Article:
Another judge reminded attorneys in attendance at the Bench-Bar that trials are our jobs. For jurors this is not their job and reminded that jury service takes jurors away from their job their family. In a relatively short trial or straightforward case, if potential jurors are forced to come down multiple times for a three-day trial, they are not going to be happy. Those at the Bench-Bar were urged to be cognizant of the inconvenience to potential jurors. Several judges also noted that potential jurors are lost when questionnaires are too long and if people are repeating themselves or going far afield an effort is made to try to speed them up. Those at the Civil bench-Bar were reminded that the jury questionnaires are a public record and attorneys must ensure that questionnaires don’t exceed the bounds of propriety.

Attorney Aileen Cohen spoke on the Cancer Action Network and urged those at the Bench-Bar Meeting to advocate on behalf of cancer programs. The meeting closed with a summary of new civil decisions by the Nevada Supreme Court.

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The Apr. 10 noon Civil Bench Bar Meeting in courtroom 10D, will offer attorneys an alternative to a boring, unproductive lunch, with a lunch meeting filled with useful information and networking.

Judge Joanna Kishner will give the latest details from the Civil Rules Committee. A panel discussion by the Alternative Dispute Resolution (ADR) Section of the State Bar of Nevada will offer useful information on the ADR Program and how mediation can enhance your practice. A summary will also be given on the latest cases coming out of the Nevada Supreme Court. The meeting sponsor is the ADR Section of the State Bar of Nevada. Lunch limited to the first 60 attendees.

Top tip of the month: Notifying the Clerk’s office when counsel changes on a case. Proper notification will ensure that correspondence and service go to the right place to help attorneys stay on top of their cases.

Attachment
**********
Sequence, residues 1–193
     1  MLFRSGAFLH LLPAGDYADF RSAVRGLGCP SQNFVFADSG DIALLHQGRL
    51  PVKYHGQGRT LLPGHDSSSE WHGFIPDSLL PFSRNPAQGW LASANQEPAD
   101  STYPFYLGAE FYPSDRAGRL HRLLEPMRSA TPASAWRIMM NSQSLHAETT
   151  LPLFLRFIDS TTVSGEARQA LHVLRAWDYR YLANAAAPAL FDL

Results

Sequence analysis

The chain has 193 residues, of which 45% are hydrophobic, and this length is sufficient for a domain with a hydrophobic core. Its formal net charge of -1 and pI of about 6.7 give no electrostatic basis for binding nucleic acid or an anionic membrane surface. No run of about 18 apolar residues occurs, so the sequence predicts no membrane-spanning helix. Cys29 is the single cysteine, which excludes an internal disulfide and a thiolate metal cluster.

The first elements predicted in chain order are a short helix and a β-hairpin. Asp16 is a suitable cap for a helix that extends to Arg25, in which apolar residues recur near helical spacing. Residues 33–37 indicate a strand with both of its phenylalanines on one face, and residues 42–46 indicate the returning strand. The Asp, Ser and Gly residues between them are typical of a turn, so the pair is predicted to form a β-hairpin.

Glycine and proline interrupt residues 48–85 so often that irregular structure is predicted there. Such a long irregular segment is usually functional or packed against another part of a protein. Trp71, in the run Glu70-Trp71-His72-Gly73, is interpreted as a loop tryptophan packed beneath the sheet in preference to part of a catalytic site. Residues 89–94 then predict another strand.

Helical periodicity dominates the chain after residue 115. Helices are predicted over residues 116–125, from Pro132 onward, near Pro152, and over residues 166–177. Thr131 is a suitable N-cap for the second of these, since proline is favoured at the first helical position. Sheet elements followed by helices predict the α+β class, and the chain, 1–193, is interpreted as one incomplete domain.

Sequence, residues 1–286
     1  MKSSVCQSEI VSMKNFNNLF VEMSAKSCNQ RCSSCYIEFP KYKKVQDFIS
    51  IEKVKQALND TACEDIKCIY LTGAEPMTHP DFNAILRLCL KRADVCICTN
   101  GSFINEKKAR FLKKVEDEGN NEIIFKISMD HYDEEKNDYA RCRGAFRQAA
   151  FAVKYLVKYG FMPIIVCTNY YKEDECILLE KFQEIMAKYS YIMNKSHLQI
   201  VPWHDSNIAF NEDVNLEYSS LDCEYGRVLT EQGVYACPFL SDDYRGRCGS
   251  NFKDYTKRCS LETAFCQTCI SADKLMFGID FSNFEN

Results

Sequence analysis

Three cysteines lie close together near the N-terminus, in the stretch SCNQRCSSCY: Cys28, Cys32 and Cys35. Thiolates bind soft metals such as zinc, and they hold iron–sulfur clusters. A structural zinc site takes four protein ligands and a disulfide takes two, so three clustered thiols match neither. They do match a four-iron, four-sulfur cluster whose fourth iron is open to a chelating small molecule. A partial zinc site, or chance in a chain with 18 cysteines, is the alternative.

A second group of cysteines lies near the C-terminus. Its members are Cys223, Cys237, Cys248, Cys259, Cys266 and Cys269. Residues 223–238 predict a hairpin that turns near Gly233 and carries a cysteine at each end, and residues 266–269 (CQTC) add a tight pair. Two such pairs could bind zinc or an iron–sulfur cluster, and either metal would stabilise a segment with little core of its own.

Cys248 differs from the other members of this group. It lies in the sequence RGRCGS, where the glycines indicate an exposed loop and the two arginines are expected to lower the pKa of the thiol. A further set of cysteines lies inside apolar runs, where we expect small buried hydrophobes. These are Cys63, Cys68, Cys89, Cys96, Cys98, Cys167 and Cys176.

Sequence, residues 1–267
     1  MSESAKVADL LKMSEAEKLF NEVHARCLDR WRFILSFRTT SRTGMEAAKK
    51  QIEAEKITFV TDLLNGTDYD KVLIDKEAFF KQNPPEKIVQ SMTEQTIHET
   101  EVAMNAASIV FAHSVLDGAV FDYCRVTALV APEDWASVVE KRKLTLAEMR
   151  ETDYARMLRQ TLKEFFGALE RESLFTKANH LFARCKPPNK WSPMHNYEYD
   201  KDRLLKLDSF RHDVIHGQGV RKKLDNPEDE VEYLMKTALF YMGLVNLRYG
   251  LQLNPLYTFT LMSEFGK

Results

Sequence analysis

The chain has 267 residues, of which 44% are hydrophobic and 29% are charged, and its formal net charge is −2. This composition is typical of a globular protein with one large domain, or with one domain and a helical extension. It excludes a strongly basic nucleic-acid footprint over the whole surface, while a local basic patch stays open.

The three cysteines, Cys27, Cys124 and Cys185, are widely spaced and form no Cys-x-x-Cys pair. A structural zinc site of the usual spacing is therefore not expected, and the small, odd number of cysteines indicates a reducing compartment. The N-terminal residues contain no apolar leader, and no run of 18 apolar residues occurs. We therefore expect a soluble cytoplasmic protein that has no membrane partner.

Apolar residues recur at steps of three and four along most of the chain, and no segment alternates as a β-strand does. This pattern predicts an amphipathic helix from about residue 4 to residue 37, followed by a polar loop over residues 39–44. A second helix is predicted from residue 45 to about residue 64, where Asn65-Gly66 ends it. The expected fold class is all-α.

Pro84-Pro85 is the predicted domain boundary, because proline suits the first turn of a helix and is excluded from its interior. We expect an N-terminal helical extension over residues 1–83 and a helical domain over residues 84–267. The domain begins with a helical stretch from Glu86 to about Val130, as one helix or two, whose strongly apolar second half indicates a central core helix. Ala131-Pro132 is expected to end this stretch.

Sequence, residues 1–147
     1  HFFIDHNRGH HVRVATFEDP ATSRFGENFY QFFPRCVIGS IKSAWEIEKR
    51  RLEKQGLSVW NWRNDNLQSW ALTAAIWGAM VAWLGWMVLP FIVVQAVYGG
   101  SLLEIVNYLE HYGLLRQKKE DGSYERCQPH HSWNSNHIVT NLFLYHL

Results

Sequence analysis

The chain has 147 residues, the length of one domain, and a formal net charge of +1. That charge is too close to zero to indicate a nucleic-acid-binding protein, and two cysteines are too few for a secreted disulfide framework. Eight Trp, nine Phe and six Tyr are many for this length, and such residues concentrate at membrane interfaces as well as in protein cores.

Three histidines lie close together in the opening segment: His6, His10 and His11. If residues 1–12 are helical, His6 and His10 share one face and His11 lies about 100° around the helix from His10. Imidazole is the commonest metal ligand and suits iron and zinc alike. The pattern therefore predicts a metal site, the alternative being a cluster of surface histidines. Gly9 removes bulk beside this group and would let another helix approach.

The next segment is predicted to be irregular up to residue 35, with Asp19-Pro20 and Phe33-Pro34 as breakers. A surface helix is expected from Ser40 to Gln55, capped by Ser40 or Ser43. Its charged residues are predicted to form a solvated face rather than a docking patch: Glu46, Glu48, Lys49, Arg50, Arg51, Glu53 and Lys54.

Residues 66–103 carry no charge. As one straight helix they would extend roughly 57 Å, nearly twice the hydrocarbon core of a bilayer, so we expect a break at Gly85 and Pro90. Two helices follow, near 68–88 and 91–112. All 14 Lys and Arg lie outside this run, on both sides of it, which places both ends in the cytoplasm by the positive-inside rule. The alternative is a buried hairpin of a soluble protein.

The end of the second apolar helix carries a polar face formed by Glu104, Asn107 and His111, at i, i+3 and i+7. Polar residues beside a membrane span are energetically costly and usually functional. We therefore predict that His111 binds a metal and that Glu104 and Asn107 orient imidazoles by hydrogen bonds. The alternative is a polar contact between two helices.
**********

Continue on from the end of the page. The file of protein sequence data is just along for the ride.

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The May 9 Civil Bench Bar meeting will offer an inside look at the new Nevada Supreme Court at 408 E. Clark Ave. with a special tour from noon to 12:30 p.m.  Parking is available at the Historic Fifth Street School (401 S. 4th Street, across from the NV Supreme Court).  Those who plan to attend should meet in the foyer of the Supreme Court Building at noon. The remainder of the meeting and lunch will then get underway at 12:30 p.m. in the Historic Fifth Street School Gallery.

On the agenda will be a review of Last Month’s NV Supreme Court Civil Decisions:   

Petit v. Adrianzen, 133 Nev. Adv. Op. No. 15 (April 13, 2017)

Honorable Catherine Ramsey v. The City of North Las Vegas,

133 Nev. Adv. Op. No. 16 (April 13, 2017)

Solid v. The Eighth Judicial District Court, 133 Nev. Adv. Op. No. 17
(April 27, 2017)

PERS v. Gitter, 133 Nev. Adv. Op. No. 18 (April 27, 2017)

In re: Connell Living Trust, 133 Nev. Adv. Op. No. 19 (May 4, 2017)

The meeting will conclude with discussion of hot topics and issues affecting civil practice.

Upcoming Dates/Events:

Criminal Judges’ Meeting, June 21, 2017 at 12:00 (noon); place 16C

Civil Judges’ Meeting: May 17, 2017, 12:00 p.m. (noon), Courtroom 15D

Civil Bench-Bar Meeting, June 13, 2017 at 12:00 (noon)

All-Judges Meeting, June 14, 2017, Courtroom 15

Family Judges Meeting, June 2, 2017

The investitures for our newest judges will be held at the Clark County Commission Chambers June 2, 2017 from 2:30 p.m.-5 p.m. with a reception at the Pyramid-cafeteria following the ceremony.

Business Court Bench/Bar quarterly meeting – TBD

State Bar Annual Meeting – June 29, 30 and July 1, 2017 – Austin, Texas

CCBA – Meet Your Judges Mixer – May 18, 2017 – Cili at Bali Hai Golf Club5:30 p.m. – 8:30 p.m.